What’s enchanting about a Patagonia tour? Jacqueline Spencer shares her experiences and impressions from her latest Patagonia trip amid the stunning sea and landscapes in Argentina.
I love open country, the sensation of vastness all around me when I embark on my Patagonia tour. Landscapes so pure, so large and overwhelming, their enormity surpasses my ability to intellectualize and thus my connection to them is visceral, my reaction deeply emotional. For this reason I adore the massive expanse of territory that cradles both sides of the Andes at the far South of Argentina and Chile. Join me on a journey into wild Patagonia!
The trip was conceived on a whim, with a kindred spirit and fellow lover of Patagonia. Like many voyages, ours begins at the sea: the southern Atlantic coast of Argentina in Comodoro Rivadavia. After some painful spelling difficulties with the local worker at the bus station ticket counter, “Yakelin Esttencer” and friends hop a local bus to a remote seaside village. We arrive just in time to watch a perfectly pink sunset over the picturesque bay before retiring to our cabin.
The next morning we cross over at low tide to an island filled with penguins curious to meet us as they peak out of their hiding spots. Later we walk along dramatic cliffs and long beaches, the sea being surprisingly calm and bright blue, though the forceful wind felt like walking through a brick wall. We continue our hike and reach a sacred place, an ancient Tehuelche burial ground where the steppe meets the sea.
As evening falls, we watch the sky explode into bright fuchsia bursts and feel the sea mist on our faces. Our journey has begun.
A couple of days later we meet up with our friend and his land cruiser and begin our travesia across the steppe heading towards the mountains and its fascinating landscape of nothing but shrubby grass for hundreds of kilometers. Suddenly the steppe drops out from under us into a surreal landscape of eroded rock formations and canyons striped in bright hues of green, red, orange, yellow and even purple.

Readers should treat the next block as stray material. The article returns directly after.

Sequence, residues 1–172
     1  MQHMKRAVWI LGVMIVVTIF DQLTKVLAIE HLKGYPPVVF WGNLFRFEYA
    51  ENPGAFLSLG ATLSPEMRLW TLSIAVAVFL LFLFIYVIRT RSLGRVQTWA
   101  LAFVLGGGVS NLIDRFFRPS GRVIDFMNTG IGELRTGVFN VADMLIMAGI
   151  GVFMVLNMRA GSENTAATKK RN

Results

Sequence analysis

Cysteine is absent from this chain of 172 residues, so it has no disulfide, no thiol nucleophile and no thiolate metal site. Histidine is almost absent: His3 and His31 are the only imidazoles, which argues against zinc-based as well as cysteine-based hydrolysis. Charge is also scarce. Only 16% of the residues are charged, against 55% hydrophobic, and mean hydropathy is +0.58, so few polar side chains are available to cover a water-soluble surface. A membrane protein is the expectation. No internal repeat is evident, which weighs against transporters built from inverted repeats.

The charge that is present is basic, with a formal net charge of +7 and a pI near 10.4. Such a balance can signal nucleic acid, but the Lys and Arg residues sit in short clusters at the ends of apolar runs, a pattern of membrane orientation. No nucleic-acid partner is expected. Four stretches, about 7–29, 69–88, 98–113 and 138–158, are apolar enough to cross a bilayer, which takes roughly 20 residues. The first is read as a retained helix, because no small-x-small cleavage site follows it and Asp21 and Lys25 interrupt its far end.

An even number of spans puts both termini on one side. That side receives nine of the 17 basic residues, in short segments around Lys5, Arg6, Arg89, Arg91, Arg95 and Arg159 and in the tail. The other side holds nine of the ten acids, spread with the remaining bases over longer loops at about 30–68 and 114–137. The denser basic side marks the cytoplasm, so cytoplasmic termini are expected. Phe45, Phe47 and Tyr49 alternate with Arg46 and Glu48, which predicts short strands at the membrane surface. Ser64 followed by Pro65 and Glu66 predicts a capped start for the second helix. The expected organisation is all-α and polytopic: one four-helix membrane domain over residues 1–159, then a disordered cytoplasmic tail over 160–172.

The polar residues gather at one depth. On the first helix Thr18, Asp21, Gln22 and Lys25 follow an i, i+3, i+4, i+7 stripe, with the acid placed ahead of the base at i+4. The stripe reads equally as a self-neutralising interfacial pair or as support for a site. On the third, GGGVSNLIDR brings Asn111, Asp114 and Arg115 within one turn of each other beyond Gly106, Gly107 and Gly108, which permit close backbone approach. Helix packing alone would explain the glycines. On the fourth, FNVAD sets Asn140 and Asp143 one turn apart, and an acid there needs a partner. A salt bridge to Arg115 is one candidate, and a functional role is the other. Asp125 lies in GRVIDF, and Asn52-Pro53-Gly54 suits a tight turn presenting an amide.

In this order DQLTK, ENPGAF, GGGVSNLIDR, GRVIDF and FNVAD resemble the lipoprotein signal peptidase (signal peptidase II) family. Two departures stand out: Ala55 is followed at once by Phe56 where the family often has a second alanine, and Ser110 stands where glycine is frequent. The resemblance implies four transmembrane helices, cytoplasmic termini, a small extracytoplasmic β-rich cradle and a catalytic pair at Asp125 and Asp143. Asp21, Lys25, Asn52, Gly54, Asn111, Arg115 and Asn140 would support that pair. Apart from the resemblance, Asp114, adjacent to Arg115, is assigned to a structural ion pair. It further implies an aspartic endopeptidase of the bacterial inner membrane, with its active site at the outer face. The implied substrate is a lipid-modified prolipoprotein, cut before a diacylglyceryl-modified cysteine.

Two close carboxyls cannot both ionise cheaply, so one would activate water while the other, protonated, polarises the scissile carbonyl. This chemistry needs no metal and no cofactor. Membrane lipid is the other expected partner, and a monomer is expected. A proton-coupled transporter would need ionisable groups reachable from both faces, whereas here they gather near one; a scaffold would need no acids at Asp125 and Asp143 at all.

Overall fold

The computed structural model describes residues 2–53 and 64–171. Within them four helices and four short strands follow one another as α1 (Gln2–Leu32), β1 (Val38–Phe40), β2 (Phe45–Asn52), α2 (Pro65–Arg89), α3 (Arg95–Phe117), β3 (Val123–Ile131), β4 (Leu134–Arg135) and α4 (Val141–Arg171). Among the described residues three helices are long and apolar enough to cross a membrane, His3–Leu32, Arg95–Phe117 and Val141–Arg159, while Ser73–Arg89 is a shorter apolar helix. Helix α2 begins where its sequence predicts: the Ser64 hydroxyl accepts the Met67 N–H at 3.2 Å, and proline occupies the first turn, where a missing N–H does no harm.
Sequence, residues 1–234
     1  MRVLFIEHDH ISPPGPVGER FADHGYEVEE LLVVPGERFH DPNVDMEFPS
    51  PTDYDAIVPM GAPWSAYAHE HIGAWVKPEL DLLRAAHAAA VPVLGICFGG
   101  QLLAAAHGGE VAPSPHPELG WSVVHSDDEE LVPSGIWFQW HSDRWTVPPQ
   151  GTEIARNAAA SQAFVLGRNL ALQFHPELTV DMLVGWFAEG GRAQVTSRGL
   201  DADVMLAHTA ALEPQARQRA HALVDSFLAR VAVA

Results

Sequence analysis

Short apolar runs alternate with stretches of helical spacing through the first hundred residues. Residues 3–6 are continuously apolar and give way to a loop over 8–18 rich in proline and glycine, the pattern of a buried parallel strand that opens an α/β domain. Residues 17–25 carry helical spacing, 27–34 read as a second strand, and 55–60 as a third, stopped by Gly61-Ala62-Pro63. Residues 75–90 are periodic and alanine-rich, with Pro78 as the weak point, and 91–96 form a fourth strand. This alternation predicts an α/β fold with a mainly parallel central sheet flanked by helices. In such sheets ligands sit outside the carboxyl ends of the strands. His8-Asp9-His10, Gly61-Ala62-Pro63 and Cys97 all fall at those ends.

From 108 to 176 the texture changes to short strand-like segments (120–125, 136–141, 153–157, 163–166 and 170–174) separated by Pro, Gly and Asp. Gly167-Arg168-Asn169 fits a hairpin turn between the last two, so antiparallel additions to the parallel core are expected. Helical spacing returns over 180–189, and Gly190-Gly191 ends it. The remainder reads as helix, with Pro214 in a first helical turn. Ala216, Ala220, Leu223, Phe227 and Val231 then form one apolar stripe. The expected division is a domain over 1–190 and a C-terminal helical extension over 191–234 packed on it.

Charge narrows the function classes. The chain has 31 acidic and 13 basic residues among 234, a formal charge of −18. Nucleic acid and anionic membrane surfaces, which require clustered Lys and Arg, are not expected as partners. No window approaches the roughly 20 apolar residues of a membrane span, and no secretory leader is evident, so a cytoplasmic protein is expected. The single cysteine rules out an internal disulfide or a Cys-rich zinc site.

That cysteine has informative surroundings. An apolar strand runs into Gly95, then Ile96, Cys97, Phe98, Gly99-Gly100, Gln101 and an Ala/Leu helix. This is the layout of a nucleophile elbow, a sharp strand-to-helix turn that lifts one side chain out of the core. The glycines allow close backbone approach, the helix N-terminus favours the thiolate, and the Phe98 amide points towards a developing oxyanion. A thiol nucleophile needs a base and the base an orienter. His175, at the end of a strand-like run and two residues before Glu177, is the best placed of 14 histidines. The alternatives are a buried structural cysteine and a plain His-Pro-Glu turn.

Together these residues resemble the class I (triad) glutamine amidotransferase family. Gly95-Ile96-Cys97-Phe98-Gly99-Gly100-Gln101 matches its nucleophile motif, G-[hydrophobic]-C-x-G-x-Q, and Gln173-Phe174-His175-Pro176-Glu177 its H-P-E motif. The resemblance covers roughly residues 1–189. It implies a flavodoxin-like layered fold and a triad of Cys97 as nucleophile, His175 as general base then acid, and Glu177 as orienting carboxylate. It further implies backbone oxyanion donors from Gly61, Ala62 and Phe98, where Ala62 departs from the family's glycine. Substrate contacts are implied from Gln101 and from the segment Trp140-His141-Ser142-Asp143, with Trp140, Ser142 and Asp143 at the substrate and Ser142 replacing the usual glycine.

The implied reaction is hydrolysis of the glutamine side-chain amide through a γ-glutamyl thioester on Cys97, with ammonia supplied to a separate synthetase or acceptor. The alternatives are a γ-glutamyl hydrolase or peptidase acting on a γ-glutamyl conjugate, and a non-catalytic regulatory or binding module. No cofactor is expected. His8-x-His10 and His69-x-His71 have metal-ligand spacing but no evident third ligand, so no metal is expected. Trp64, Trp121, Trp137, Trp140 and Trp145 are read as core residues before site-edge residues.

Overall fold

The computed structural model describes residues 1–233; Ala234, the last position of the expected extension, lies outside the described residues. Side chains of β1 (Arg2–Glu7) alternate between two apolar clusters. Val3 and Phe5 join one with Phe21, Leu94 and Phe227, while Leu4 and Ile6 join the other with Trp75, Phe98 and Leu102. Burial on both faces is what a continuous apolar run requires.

We visit a petrified forest and marvel at the millennial tree fossils, before the sunset streaks brilliant yellow-orange fire across the sky, and we see a glimpse of a jagged mirage in the distance cresting the horizon – the Andes!
Many have heard of Ruta 40, the legendary highway that runs parallel along the entire length of Argentina. Ruta 41 is its wild little sister, connecting a small virtually unknown stretch of the Andes between Los Antiguos and Lago Posadas.
As we wind around its curves, the landscape morphs from quaint woodland river valleys to grand deserts littered with incongruous patches of snow, then descends down into fertile pastures and sparkling lagoons filled with migratory birds.
There is not another person sight, hours pass, mile after mile and we are the only souls on the road. I couldn’t be happier.
After a long day of driving we’re received by Susana, the sweetest little Argentine grandma you could possibly imagine at her small hostería in Lago Posadas town. The next day, we explore Lago Posadas, which is a crystal clear lake famous for the graceful rock arch island poised elegantly in its center. We hike along the uneven shore and up to a slot canyon where the blue-green river cuts art nouveau designs into the rocks before plunging furiously down into a deep ravine.
As the sun sets, we venture over to the east side of the lake. The sensation is magical as we walk across a dried up lagoon crowned on all sides by colorful geological formations that are riddled with caves containing virtually undiscovered prehistoric rock paintings.
Joining up again with the famous Ruta 40, we make an obligatory stop at the UNESCO World Heritage site La Cueva de las Manos which did not disappoint. Splattered across the walls of the canyon are the painted hands of hundreds of our ancestors dated some 13,000 years ago, yet seemingly as if they were created just yesterday.
The following 100 kilometers of our Patagonia tour are the most remote stretch of our trip and probably Argentina’s best-kept secret in terms of National Parks.
The scenery is jaw-dropping, and not surprisingly, there are no other people in sight for miles.
At dusk we reach our accommodations for the next few days, Estancia La Oriental, hosted by robust and jolly Eduardo “el gordo” and his sarcastic yet sweet wife Suly. This couple manages to melt your heart and split your side with laughter all at once. They immediately fire off a playful banter and lead us to their living room to show us photos of Eduardo’s glory years as a rally race car driver. It’s noticeable how much they love receiving visitors in their home and actually having people to talk to!
Continue reading about Jacqueline’s voyage across the remote beauty of Patagonia, to receive more inspiration about Patagonia tours.
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